Arguments of function as out

Alex Martelli aleax at
Thu Sep 4 15:18:42 CEST 2003

Birgit Rahm wrote:

> Hallo Alex,
> I hope this posting is near to the netiquette.

Perfect, thanks!

>> Birgit, you do not seem to have *READ* the answer to which you are
>> replying.
> I dont understood this in the you described it.
>> >> * If there is more than one result value, all of them are packed into
>> >> a
>> >>   tuple, and this tuple is returned.
> I've read this, but I thought that this tuple is returned with the
> return statement. I am new to python and I never seen such
> a constract:

The code that implements this CORBA spec (if it is Python code -- it
is quite possible to implement CORBA brokers in Python, and it has
been done) will quite likely use the return statement for this, yes,
of course.  But when you CALL the code, you don't need to worry
whether it uses a return statement or some other black magic: you
can code your call AS IF the code you called was Python code that
uses a return statement for the tuple, e.g.

def X():
    return 23, 42, 69

therefore you call it as, e.g.:

a, b, c = X()

would set a to 23, b to 42, c to 69.  (You need to know how many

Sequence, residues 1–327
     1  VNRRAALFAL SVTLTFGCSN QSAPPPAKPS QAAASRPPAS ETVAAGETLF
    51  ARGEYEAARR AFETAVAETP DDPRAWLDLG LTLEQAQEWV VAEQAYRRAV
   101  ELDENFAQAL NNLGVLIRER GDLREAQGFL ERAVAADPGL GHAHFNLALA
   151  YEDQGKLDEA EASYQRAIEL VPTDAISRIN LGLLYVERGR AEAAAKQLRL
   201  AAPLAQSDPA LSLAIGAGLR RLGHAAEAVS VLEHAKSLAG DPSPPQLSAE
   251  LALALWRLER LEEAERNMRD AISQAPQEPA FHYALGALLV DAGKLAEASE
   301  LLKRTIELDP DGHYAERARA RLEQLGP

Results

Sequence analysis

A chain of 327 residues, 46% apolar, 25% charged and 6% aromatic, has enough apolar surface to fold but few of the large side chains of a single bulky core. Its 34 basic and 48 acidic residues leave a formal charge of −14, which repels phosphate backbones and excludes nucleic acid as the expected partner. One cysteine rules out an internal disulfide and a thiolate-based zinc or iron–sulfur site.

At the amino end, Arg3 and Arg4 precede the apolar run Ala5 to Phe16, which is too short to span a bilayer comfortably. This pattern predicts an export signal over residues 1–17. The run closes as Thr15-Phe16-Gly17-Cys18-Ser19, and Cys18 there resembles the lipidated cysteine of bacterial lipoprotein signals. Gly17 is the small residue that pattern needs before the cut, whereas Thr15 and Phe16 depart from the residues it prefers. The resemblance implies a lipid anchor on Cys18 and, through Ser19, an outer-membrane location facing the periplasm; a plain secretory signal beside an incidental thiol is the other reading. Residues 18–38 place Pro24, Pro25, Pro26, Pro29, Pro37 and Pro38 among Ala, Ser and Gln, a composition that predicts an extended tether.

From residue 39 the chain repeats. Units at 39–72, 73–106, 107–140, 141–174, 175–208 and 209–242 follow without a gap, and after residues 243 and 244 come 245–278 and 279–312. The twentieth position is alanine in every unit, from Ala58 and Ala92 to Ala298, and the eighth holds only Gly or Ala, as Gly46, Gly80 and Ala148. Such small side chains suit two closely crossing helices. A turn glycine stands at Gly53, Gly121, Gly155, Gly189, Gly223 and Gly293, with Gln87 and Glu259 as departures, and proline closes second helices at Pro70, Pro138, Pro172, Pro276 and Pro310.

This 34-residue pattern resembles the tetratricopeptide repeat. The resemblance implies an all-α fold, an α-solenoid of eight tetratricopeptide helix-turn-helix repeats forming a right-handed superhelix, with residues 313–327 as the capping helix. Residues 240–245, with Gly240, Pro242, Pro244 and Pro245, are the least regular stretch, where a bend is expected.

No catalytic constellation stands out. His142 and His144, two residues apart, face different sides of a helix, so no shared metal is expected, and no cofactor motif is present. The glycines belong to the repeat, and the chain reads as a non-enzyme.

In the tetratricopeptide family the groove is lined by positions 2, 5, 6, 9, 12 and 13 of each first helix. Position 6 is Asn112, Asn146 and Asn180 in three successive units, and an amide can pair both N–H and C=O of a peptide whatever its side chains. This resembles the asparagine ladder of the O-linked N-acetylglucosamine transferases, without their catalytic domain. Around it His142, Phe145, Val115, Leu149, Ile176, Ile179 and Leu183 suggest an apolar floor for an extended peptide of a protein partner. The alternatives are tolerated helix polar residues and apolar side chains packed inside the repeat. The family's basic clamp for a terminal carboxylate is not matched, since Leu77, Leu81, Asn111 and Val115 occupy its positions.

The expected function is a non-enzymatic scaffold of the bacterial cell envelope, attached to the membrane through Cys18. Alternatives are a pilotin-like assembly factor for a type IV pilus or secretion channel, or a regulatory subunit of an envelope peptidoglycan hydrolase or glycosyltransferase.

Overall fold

items are in the tuple X returns, to use this kind of assigment
which is called "unpacking assignment", because you need to list
exactly that number of targets on the left of the = sign).

> I have had only the IDL  and the py File from the IDL,
> were stand take *args and return the return value.
> In none of my python books such a construct is described. I'm sorry.
> Thanks for helping me,

No problem, and you're welcome.  I do understand that Python books
don't say much about Corba (I didn't myself in the Nutshell, and
there is just one very simple example in the Cookbook which does
not cover the cases of out and inout parameters).  But if the books
don't cover *args and/or return-value packing and unpacking, then
you might want to get better books;-)


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